- Herbal preparations of Ashwagandha (Withania somnifera)
- Rasna (Pluchea lanceolata)
- Sunthi (Ginger)
- Pippali (Long pepper or piper longum)
- Gokshura (Tribulus terrestris)
- Trivrit (Operculina turpethum)
In addition, administration of castor oil is also very widely used in management of arthritis. Check with your health care provider or a qualified Ayurvedic practitioner to learn the supplements best for you.
Panchakarma is a purification process. By undergoing this therapy, the body’s toxins are believed to be eliminated through the body’s natural orifices. These traditional Ayurvedic therapies are used by many practitioners in India for the management of arthritis. It includes two pre-panchakarma procedures, application of oil in the form of external and internal oleation (snehana) and fomentation (swedana) as well as the five main panchakarma procedures which are as follows.
Please note these therapies should only be performed under the guidance of a qualified Ayurvedic practitioner or health care provider.
- Vaman (therapeutic vomiting which is a medicated emesis)
- Virechana (medicated purgation therapy)
- Niruha Basti (decoction enema)
- Anuvasana Basti (oil enema)
- Nasya (nasal insufflation)
In many cases where the vitiation of blood is involved, raktamokshana (bloodletting) the sixth purification process is also used. In the United States, modified versions of panchakarma are performed to improve one’s state of health.
Although these purification processes are used in various conditions of arthritis, the use of the poorva-karma or pre-panchakarma procedures are very popularly used and are quite effective in making the joints more supple, improving quality of life. Among these procedures, massaging the joints with herbal oils is most important and is used in many stages of arthritis of various types, except for acute stages of Amavata.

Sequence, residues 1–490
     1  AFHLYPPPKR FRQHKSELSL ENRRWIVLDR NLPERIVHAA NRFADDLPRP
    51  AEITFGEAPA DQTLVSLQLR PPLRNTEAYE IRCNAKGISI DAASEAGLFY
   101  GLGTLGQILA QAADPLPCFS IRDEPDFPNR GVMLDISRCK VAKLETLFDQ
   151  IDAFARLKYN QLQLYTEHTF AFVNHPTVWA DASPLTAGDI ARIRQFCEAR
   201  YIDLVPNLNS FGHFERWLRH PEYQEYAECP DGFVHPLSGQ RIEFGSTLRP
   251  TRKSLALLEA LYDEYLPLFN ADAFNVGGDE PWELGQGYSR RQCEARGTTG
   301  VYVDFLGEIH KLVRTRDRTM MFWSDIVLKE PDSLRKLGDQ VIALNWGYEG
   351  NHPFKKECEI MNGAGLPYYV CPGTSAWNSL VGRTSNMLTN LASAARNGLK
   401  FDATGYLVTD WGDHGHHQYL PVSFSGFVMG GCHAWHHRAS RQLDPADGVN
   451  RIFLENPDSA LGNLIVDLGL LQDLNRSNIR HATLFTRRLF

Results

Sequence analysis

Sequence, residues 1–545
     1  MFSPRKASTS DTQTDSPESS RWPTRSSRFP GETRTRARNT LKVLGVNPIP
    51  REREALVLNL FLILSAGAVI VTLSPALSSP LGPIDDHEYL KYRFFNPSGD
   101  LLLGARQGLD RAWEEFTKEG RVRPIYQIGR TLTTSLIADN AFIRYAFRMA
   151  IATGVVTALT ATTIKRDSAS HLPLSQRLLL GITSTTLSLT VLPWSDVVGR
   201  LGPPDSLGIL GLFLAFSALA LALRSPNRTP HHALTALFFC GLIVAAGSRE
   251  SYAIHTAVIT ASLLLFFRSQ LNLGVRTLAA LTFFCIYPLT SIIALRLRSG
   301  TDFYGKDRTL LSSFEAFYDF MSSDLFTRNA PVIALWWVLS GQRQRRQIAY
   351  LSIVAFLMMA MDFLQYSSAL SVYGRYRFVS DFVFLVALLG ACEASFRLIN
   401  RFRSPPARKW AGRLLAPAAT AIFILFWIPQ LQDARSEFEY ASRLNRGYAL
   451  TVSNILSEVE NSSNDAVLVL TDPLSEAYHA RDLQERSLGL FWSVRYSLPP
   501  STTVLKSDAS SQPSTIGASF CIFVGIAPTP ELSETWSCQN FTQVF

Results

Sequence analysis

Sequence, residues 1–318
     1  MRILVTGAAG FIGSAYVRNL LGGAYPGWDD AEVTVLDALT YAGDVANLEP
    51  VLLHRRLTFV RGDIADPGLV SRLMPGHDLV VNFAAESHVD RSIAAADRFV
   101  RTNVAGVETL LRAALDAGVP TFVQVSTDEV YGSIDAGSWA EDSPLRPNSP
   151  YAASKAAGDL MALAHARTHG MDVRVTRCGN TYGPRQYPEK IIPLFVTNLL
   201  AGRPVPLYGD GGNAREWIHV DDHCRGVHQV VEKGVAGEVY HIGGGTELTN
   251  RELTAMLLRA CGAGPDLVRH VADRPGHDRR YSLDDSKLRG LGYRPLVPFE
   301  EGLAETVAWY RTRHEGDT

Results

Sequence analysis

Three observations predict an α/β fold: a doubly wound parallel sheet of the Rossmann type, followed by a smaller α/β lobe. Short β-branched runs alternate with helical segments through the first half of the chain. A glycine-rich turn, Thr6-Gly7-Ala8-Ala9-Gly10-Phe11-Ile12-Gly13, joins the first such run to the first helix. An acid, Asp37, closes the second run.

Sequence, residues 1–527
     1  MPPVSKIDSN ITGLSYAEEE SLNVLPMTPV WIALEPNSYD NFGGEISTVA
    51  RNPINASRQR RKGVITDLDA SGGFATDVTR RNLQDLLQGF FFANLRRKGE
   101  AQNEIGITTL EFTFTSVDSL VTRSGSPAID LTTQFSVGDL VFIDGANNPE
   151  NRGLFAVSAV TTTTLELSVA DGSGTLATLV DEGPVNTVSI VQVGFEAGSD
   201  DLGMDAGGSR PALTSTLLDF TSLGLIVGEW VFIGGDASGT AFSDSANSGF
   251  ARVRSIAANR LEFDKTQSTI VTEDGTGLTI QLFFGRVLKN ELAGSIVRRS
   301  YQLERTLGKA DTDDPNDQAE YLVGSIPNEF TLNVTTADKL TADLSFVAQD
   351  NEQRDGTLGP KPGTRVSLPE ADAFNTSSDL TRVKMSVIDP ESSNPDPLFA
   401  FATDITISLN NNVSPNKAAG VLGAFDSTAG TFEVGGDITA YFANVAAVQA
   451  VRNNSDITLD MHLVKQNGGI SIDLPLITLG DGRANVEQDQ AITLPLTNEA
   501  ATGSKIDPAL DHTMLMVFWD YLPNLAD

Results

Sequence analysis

Ayurvedic Massage (Abhyanga)
Ayurvedic massage involves external oleation of the affected joints with classical (following traditional recipes) herbal oil. Oil massage helps in removing stiffness and improves blood circulation, giving strength to the joints and appendages. The abhyanga can be local on the affected joint or limb or on the whole body following the instruction of a qualified Ayurvedic practitioner.26
Abhyanga in Vata dominant arthritis:
This type of pain is treated by massaging the joint, limb or whole body with warm oil along with the application of heat for 20 minutes. Vata pacifying oils like Mahanarayana oil, Bala or Ashwagandha mixed in sesame oil or just sesame oil can be used. Light to medium pressure is used for a slow and soft massage.
Abhyanga in Pitta dominant arthritis:
This type of pain is treated with an oil massage at room temperature. Oils with Pitta and Vata pacifying properties such as coconut oil, olive oil, and other herbal oils like manjistha and bala as well as Pinda thailam are used. Light pressure is used for a soft massage.
Abhyanga in Kapha dominant arthritis:
This type of pain is treated with a hot oil massage along with application of heat for 20 minutes. This is followed by a dry powder massage using herbs such as ginger and calamus that generate heat and ‘digest’ the ama. The oils used could be a blend of sesame and mustard oil or a mixture of sesame and olive oil. The massage is done comparatively vigorously with pressure which the person can withstand.
Do Ayurvedic Herbal Oils Help Arthritis?
Various oils may be applied to the skin in order to help the body clear toxins, relieve stiffness and restore mobility. Abhyanga and sarvangadhara (another form of intensive oleation that involves irrigation of the affected area with oil) can be done with the same oil.
Below are some Ayurvedic herbal oils used traditionally in arthritis.
READ MORE: Ayurvedic Oil: Everything You Need To Know
1. Nirgundi Taila